Frank Riley III (left) and Carlton Byrd star in August Wilson's "Two Trains Running," running March 30-April 29 at Arena Stage at the Mead Center for American Theater. (Photo by C. Stanley Photography)
Frank Riley III (left) and Carlton Byrd star in August Wilson's "Two Trains Running," running March 30-April 29 at Arena Stage at the Mead Center for American Theater. (Photo by C. Stanley Photography)

Richmond native Frank Riley III has admittedly worn several hats during his life: single father of two sons, professional wrestler, television actor and policeman. What’s more, he serves as an encouraging example of what can happen when we prepare ourselves for that fortuitous moment when doors swing open and the opportunity to realize our dreams emerges within our grasp.

So, with the longtime support of his supervisors and colleagues, the recently retired member of the Alexandria Police Department will soon take his place on the Arena Stage in Southwest in a masterful drama, “Two Trains Running,” set during America’s turbulent civil rights era and written by the award-winning Black playwright August Wilson.

Riley, who returns to Arena Stage after his debut in the Lorraine Hansberry classic “A Raisin in the Sun,” takes on the role of Hambone under the direction of Juliette Carrillo. “Two Trains Running,” a co-production with Seattle Repertory Theatre, runs through April 29.

“As the Black Lives Matter movement has brought the concerns of the African-American community into the center of the public eye in recent times, this 1992 play (set in 1969) has become startling current,” Carrillo said. “Wilson’s genius every day poetry illuminates the emergence of personal dignity and self-worth during one of the most turbulent eras in our country’s history.”

Riley, who retired from the Alexandria police force in June 2017, recalls often feeling like he had two full-time jobs — and very few moments to lose his focus.

“We worked 12-hour shifts as police officers, so I’d get off and then go right to rehearsals,” he said.

“Doing film work wasn’t too bad but the theater is a lot more intensive. I had to exercise great discipline. And many times, instead of enjoying an evening with my friends, or doing something fun with my sons, I had to memorize my lines, get into character — I had to make sure I was ready. I had to be willing to sacrifice fun time,” said Riley, who at 260 pounds and well over six feet tall, has long been considered an imposing figure.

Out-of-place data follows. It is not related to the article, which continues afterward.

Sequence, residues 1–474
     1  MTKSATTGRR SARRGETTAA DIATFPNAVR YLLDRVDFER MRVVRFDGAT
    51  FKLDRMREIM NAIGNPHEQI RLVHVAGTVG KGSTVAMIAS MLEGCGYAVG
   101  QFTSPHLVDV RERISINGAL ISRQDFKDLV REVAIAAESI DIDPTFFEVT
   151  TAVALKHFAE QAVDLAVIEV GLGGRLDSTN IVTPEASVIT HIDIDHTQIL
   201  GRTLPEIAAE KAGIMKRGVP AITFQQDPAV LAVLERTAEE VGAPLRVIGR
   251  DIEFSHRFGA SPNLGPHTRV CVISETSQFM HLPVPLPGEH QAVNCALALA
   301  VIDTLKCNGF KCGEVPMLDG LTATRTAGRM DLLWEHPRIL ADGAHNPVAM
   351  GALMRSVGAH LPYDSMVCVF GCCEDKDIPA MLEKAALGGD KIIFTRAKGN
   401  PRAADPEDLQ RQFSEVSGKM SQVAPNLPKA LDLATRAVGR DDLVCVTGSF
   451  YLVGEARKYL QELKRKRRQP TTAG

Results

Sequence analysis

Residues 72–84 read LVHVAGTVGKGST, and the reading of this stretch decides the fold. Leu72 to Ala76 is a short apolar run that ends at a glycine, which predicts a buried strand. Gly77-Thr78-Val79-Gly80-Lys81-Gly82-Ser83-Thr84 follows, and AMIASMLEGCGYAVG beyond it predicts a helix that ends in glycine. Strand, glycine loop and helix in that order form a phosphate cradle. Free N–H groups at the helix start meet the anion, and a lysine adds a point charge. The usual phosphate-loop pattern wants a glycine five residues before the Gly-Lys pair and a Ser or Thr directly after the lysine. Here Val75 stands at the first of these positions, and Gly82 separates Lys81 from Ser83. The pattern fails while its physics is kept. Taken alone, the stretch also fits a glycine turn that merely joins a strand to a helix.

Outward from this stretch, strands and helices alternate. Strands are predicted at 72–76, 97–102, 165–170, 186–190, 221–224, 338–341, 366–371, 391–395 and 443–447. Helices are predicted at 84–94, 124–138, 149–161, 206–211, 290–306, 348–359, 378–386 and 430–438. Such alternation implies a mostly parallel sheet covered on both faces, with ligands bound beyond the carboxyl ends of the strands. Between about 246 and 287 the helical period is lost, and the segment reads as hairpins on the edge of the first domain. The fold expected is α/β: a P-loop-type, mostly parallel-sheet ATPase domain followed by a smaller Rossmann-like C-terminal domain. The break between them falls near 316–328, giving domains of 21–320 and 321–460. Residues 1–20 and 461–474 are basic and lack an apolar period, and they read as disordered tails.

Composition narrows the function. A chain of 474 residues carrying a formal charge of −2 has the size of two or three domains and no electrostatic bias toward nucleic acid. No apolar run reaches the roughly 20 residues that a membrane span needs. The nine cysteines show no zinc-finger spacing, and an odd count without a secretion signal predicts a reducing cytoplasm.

“Learning your lines is a lot like learning a dance routine — even complicated choreography,” he said. “It just gets instilled in your body. After a while it becomes part of the muscle memory.”

As for other members of the cast, Riley points to Eugene Lee (Memphis Lee) and David Emerson Toney (Holloway) as the kinds of actors he seeks to emulate.

“I love watching those two. They are the epitome of how actors should carry themselves and how they should work. They’re just amazing to watch. For one, they bring so much energy to their characters.”

Riley, who resides in Alexandria, got back into acting a few years ago, being cast in roles for community and professional theatre companies in the area. He attributes his success to a highly-encouraging team of police officers, as well as “two great acting coaches” (Mike Baker. Jr. and Katie Kalliacky), both of whom motivated him to pursue his career.

“People are often surprised when they hear that I was once a police officer,” he notes. “But the irony is that I always wanted to be the guy on TV who was playing the cop. I didn’t want to actually be one.”

“I remember seeing ‘The Wiz’ when I was in the eighth grade. Stephanie Mills was Dorothy. She was amazing. That’s when I knew, after seeing that Broadway show, that I wanted to become an actor. I was simply in awe.”

“I love being an actor and being on stage is where I am most comfortable. It gives me this rush of adrenaline and it’s very satisfying. I feel like I’m able to make people happy. To heal people. To help them forget, at least for a few hours, the challenges, the struggles and the problems they may be facing. Maybe it’s their health, or money issues — even a broken relationship.”

“When the curtain goes up and ‘Hambone’ takes his mark, I want the audience to believe that I am this amazing character that August Wilson envisioned. Every time that curtain rises, the first thing that comes to my mind is ‘it’s showtime.”

“It can’t get much better,” Riley adds.

For more information or tickets, go to

WI Guest Author

This correspondent is a guest contributor to The Washington Informer.

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